Review: Spoon River (Soulpepper)

Spoon River returns to Toronto stages with offerings of folk, bluegrass, and cemetery tales

Soulpepper’s Spoon River is in it’s fifth incarnation, and you might want to catch it before it heads off to New York at the end of the month. It’s on until April 21, 2017 at the Young Centre for the Performing Arts (50 Tank House Lane).

Soulpepper’s Spoon River is an adaptation of the collection of poems by Edgar Lee Masters, which tell the many tales of the dead folk living in the cemetery of the town of the same name. Some of the poems are made into monologues, while others are put to song.

I’ve been curious to see Spoon River for a while now. Walking into the theatre I could tell that it would certainly appeal to my tastes as someone that loves folk and bluegrass music. The hallway is decorated like a dingy funeral home. The set and costumes have a dark, Southern Gothic vibe that I instantly fell in love with.

The dead here are a lot more lively than most living people: they sing, strum on banjos, stomp, and holler. By and large, I really enjoyed the music for this show. Spoon River has a real folksy Americana sound that calls to mind the smell of tobacco and the taste of bourbon. The actors sing with a bit of a rasp and a country twang. The music is much grittier than what you’re used to hearing in the theatre and it feels all the more earnest for it.

All the performances impressed me too. I saw Diego Matamoros in Cage two weeks ago and while I had mixed feelings about the show, I loved him in it. It was incredible to see him here in a series of grounded roles working with other actors. I wish that I could have heard more from Courtney Ch’ng Lancaster, whose voice is stunning. Mike Ross composed the music and was a very likeable performer in the show as well.

My guest is one of the biggest musical theatre geeks that I know, and while I enjoyed most of the songs, he felt they were hit and miss. The one unfortunate thing for me is that the only song I didn’t like was the opener “The Hill”. I know that they’re bound to Masters’ verse, but I found that the composition along with the repetition of certain lines felt a lot cheaper than the rest of the music. It’s a shame, because I appreciated the rest of Spoon River for feeling quite genuine.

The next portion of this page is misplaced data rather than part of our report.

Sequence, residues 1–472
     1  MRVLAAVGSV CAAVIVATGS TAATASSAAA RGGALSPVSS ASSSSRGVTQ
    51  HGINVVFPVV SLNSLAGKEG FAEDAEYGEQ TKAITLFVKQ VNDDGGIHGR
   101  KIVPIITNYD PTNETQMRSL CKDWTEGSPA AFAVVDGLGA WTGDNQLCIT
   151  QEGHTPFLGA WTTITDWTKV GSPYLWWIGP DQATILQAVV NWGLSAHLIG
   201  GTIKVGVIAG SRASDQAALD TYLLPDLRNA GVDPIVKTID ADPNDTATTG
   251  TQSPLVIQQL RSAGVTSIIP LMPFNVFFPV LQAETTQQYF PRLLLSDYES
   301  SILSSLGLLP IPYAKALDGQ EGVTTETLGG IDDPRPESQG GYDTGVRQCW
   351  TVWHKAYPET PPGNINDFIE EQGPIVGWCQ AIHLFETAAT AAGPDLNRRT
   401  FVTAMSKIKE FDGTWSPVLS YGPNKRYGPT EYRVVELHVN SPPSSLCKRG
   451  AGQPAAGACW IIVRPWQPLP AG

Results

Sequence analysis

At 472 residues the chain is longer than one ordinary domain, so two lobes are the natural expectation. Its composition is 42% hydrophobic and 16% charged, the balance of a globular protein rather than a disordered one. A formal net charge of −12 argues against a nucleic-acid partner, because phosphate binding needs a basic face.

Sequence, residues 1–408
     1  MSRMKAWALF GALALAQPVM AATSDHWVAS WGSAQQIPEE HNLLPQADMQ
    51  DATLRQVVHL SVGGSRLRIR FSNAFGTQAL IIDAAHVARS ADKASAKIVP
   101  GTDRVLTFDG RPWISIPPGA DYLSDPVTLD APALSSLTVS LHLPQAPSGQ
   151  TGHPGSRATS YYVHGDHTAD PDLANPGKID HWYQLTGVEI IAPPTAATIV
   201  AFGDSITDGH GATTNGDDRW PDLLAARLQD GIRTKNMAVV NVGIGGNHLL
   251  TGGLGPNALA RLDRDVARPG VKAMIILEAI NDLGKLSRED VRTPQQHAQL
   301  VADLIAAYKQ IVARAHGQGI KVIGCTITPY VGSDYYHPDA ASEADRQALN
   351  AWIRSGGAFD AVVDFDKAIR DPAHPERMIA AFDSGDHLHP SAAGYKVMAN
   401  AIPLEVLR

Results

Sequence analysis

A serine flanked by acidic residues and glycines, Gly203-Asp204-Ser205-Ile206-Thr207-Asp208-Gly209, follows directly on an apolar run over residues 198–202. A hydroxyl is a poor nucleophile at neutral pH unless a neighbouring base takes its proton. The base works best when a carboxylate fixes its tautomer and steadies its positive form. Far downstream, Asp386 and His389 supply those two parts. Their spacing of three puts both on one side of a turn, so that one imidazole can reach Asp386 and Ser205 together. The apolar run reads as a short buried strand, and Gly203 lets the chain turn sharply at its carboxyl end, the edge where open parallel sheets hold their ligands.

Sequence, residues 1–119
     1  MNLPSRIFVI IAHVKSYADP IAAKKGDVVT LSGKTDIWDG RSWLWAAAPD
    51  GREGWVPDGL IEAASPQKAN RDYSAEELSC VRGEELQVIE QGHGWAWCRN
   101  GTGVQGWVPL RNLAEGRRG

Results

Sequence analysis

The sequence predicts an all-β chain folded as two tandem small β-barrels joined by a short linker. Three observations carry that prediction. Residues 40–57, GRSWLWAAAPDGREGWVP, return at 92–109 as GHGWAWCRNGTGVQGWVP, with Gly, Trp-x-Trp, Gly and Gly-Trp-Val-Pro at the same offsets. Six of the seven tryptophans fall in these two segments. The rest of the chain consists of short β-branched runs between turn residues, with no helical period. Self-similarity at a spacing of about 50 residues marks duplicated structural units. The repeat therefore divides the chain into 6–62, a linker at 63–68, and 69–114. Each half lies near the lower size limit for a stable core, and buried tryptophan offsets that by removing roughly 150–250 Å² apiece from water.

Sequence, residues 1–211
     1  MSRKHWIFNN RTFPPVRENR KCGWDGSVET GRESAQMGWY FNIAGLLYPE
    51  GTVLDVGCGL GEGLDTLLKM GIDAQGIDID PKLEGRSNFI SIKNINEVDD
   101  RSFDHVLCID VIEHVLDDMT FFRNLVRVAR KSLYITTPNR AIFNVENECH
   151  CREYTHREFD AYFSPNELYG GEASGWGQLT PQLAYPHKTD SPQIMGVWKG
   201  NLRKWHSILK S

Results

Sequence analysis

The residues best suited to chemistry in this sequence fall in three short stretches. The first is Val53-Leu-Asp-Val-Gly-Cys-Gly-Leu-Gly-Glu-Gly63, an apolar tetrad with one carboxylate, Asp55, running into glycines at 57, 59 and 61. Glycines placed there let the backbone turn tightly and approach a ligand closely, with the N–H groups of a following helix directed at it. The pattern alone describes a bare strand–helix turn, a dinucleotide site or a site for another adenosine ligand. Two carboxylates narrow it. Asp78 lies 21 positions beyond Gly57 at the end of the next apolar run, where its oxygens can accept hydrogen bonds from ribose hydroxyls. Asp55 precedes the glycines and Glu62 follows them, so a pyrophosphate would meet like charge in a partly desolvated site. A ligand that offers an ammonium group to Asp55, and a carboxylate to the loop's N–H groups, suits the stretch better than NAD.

I suppose it’s intended that like the dead of Spoon River, I lost track of time while watching it, not knowing how long had passed until the last song or two. From scene to scene, I was happy to hear the stories of the dead townsfolk in the cemetery and that certainly speaks to how watchable the show is. However, I do feel that Spoon River loses out a bit by not having much of an arc. 

The show went by very quickly, but without much of a through line in the ways of plot or theme, it just wasn’t punchy enough at the end to have a lasting impression on me. That’s not to say it wasn’t enjoyable, I liked watching it and would recommend it. But it’s a shame that to me this was a great show that falls short of being truly exceptional. It’s fortunate though that Soulpepper will continue to workshop Spoon River each year, because I think a future incarnation of it could easily reach that level.

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Image of Brendan Wall, Mike Ross, Daniel Williston, Oliver Dennis, Jackie Richardson and Raquel Duffy by Cylla von Tiedemann.